Known as “chimera,” this occurrence happens through the merging of multiple fertilised eggs during embryogenesis, or as a result of an organ or bone marrow transplant. One example is the “Two-Faced Cat” named Venus who had different sets of genes on each side of her body since birth.

Absorbing one’s own twin in the womb is another chimera possibility.

In 2002, Lydia Fairchild’s DNA test betrayed her, showing how she was not the mother of the children she bore. Further analyses then exposed the two sets of genes that she was carrying.

Genetic material could be used in the production of genetically transformed plants and microbes.

Cue in Genetic Engineering sciences, wherein recombinant DNA (rDNA) technology is used in the alteration of an organism’s genetic makeup.

A scientist organisation inscribed the lyrics of “It’s a Small World After All” into a bacterial genome.

Their objective was to develop a method to transmit messages for future forms of intelligent life.

The first successful cloning of an animal was on a tadpole back in the 1950s.

However, the one to become the most famous cloned animal was Dolly, a sheep (1996-2003).

Male humans used to have spikes on their penises.

It is the same case for felines, hyenas, bats, and a few primates. Thankfully, the genetic code of the “penile spine enhancer” vanished from human DNA around 700,000 years ago. Scientists believed that the probable cause is the widespread progression of monogamy.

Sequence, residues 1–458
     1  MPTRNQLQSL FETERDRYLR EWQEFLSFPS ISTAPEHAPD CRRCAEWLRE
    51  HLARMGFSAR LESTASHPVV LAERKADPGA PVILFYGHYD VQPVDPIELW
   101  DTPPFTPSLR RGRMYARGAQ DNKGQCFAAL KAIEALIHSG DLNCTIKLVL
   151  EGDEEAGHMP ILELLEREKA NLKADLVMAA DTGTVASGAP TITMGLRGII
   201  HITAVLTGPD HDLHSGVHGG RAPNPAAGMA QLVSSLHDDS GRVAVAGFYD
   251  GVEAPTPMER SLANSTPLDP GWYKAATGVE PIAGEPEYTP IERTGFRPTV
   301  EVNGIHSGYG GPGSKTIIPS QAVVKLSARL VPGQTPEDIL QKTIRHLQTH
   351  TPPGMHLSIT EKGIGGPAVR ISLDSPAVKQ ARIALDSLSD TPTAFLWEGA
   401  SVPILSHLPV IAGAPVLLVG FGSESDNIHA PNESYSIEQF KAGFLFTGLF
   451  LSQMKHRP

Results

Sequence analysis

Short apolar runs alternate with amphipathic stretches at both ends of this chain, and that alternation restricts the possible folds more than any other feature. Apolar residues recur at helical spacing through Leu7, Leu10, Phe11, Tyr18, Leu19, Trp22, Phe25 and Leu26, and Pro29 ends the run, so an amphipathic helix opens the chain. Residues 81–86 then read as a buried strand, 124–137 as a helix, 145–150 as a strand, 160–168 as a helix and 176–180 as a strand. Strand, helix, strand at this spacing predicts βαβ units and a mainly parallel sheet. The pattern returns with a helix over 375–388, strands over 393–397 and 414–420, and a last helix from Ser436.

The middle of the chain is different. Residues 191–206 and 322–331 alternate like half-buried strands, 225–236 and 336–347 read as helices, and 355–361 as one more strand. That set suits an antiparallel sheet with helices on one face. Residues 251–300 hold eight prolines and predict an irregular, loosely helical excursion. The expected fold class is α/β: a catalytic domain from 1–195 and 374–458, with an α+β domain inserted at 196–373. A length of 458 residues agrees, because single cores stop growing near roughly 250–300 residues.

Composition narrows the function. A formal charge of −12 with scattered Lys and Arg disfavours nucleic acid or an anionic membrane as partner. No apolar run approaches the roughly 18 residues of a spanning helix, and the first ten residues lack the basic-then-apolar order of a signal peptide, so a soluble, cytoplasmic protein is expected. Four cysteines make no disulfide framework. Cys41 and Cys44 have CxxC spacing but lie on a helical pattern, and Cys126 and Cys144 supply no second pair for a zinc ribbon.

The genetic similarities of cheetahs go as far as to have almost zero distinction among many cats’ DNA.

Due to an ice age 10,000 years back, the entire population of cheetahs got wiped out, leaving today’s generation profoundly inbred. Hence, only a few are able to deliver healthy offspring. Leopards, on the other hand, have fixed spots that they could not change.

The octopus could naturally edit its own genes.

It is very unlikely for humans, but scientists were able to develop CRISPR-Cas9, a complex tool with a protein base. This mechanism could alter a defective embryo’s DNA, leading to the prevention of inherited diseases.

Japanese, South Korean and Russian scientists are operating attempts to revive the woolly mammoth.

dna facts, skull
Photo from Unsplash

Aside from trying to resurrect extinct animals, scientists have also initiated diverse projects to clone living animals like cats, monkeys, and the endangered white rhinoceros.

Twice the gene count of a fly or worm is enough to make a human being.

A plant thale cress carries 26,000 genes, a nematode worm has 18,000, a fruitfly holds 13,000, yeast contains 6,000 while a tuberculosis microbe brings 4,000.